Representatives from USAID, developing country civil society organizations, international organizations, and implementing partner organizations gathered at Georgetown University this week to discuss the importance of good governance on global health work.
“Good governance is essential for stronger health systems,” MSH CEO Jono Quick remarked at the opening of the second annual Governance for Health (G4H) Roundtable on August 15th. Bob Emrey, chief of the Health Systems Office at USAID’s Global Health Bureau, reiterated Quick’s statement and stressed that, “We need to understand what [governance action] works so we can build upon it.”
The 1.5 day roundtable covered nine topics to further understand the impact of governance including: women’s leadership in health system governance, governing decentralized ministries of health, and use of new technologies for enhanced governance decision making. Stressing the urgency of investing in technologies for health impact, Maeghan Orton, Regional Manager of East Africa for Medic Mobile, sparked a dialogue by telling the attendees, “Mobile phones are the infrastructure we don’t have, the health workers we haven’t trained, and the hospitals that aren’t built yet. Use them.”
An additional theme generating a lively discussion was corruption. “Corruption matters,” LMG Director Jim Rice stated, “It matters because it steals scarce financial resources to post workers in the right place at the right time and it matters because there are medicines that are essential to get out to populations.”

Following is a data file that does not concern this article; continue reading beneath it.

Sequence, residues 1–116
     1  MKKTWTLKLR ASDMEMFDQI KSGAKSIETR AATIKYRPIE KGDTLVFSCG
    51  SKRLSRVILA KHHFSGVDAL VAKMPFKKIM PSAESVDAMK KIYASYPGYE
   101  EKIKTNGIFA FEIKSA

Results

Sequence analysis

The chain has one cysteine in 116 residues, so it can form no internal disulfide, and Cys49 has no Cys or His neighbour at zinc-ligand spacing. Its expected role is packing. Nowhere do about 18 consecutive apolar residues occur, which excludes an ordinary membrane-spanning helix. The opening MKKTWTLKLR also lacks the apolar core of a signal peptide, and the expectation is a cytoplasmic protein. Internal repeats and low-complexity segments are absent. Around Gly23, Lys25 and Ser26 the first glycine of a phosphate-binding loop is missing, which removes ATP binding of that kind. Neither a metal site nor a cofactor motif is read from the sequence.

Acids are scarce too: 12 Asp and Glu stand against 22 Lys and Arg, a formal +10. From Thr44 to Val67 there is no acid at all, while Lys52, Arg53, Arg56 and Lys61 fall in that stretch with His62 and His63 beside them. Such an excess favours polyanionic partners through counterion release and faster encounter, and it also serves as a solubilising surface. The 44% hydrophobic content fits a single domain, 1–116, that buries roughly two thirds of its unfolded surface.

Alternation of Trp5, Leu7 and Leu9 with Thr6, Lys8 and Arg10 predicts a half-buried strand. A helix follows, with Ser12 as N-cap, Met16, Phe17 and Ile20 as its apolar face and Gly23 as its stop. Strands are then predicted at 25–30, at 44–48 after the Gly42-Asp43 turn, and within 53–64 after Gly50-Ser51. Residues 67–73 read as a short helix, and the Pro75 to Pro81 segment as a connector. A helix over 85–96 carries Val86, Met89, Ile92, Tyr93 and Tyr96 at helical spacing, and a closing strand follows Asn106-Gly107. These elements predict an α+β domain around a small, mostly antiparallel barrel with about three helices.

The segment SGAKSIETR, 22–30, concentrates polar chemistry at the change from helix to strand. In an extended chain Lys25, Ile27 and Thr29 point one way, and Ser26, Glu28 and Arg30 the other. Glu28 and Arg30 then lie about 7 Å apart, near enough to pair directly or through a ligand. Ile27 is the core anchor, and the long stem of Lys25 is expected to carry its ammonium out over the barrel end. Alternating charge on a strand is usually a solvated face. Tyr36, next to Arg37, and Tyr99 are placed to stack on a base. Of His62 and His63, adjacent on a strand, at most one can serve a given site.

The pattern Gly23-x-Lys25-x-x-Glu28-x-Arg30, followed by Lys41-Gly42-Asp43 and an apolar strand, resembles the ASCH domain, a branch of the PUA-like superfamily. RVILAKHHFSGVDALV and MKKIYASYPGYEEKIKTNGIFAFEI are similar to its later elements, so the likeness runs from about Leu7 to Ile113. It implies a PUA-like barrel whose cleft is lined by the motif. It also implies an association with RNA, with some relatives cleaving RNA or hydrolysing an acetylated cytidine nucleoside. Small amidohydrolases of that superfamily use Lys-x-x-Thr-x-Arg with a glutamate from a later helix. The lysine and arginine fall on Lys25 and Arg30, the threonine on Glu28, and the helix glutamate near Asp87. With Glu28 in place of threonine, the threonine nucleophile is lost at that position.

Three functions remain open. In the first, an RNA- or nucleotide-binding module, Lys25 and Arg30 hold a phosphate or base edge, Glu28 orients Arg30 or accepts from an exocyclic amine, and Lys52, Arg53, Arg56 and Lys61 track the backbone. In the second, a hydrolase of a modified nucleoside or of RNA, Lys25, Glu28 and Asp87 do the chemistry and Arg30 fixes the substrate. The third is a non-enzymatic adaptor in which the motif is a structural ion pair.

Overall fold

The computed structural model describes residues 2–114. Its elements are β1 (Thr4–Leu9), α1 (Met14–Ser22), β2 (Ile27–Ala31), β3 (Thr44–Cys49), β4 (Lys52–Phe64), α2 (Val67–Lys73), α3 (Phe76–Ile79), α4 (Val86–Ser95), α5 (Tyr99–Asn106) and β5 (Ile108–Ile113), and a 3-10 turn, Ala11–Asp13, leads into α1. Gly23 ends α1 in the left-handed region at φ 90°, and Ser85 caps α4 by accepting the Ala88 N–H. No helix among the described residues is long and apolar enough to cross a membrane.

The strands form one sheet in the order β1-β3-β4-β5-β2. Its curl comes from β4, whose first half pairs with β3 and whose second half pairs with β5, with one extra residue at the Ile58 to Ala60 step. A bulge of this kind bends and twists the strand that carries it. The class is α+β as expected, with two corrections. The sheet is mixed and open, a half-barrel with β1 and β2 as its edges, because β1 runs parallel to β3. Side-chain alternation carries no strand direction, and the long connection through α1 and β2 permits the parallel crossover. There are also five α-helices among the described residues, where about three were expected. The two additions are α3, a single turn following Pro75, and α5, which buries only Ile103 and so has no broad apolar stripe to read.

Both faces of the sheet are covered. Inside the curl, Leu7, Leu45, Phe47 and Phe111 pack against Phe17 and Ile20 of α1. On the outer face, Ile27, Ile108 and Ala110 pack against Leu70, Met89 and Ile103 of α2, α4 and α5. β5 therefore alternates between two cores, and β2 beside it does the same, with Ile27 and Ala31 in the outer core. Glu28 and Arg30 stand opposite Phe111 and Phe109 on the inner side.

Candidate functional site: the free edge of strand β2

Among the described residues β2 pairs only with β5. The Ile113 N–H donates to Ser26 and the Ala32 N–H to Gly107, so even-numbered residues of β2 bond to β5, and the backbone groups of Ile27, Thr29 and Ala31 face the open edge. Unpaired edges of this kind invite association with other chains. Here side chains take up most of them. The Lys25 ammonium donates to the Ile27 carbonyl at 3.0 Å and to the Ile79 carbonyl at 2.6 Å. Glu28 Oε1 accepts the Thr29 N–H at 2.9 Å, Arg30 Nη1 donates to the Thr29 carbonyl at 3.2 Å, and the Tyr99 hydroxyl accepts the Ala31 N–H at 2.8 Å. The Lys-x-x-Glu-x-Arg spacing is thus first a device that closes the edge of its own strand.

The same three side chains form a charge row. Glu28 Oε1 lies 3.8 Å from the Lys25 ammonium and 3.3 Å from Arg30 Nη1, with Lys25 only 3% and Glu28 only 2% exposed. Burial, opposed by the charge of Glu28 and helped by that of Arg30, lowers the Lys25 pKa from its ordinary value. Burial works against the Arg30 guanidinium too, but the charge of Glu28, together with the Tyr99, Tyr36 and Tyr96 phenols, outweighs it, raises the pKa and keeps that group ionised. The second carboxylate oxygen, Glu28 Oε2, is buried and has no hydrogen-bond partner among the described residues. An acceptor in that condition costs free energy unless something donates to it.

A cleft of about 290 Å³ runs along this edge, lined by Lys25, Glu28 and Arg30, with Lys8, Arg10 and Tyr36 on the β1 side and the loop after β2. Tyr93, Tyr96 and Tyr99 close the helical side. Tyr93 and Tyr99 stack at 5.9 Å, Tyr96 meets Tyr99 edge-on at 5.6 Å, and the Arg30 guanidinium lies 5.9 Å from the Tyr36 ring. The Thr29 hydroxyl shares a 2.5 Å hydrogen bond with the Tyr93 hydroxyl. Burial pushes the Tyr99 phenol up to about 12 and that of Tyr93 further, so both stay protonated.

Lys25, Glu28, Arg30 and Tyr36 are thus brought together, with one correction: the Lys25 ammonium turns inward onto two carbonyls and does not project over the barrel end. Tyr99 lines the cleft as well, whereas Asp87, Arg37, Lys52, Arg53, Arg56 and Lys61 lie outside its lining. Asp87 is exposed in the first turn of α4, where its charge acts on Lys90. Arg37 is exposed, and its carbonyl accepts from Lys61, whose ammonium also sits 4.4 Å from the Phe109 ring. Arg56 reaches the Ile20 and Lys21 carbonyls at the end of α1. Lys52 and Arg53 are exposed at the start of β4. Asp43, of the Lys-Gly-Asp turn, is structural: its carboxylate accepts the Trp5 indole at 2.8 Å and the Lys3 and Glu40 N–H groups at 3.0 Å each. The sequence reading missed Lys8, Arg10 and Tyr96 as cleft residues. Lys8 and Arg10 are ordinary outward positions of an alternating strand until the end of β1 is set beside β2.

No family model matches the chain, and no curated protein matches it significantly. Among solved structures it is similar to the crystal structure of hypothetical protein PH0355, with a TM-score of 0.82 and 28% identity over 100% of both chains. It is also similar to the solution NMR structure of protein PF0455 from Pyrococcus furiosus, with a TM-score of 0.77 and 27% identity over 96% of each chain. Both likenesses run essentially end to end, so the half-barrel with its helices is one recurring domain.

Not just featuring what needs to be done, the G4H Roundtable also featured what has been done that has worked. Dr. Delanyo Dovlo, Rwanda’s World Health Organization Representative, shared a case study in which governance has had a positive impact. “Rwanda’s success has come from strong leadership and ownership, “ he said.
However, finding ways to measure success of countries like Rwanda is allusive as governance is both a hard science and a social science, and good governance does not always equate to good policy. LMG’s Director of Monitoring and Evaluation Reshma Trasi is optimistic though, “Because of the challenges [of measuring governance] there are opportunities,” she said.
And these opportunities should be taken advantage of, Rice said at the close of the roundtable, as “Sharing ideas isn’t enough. We must put those ideas into action.”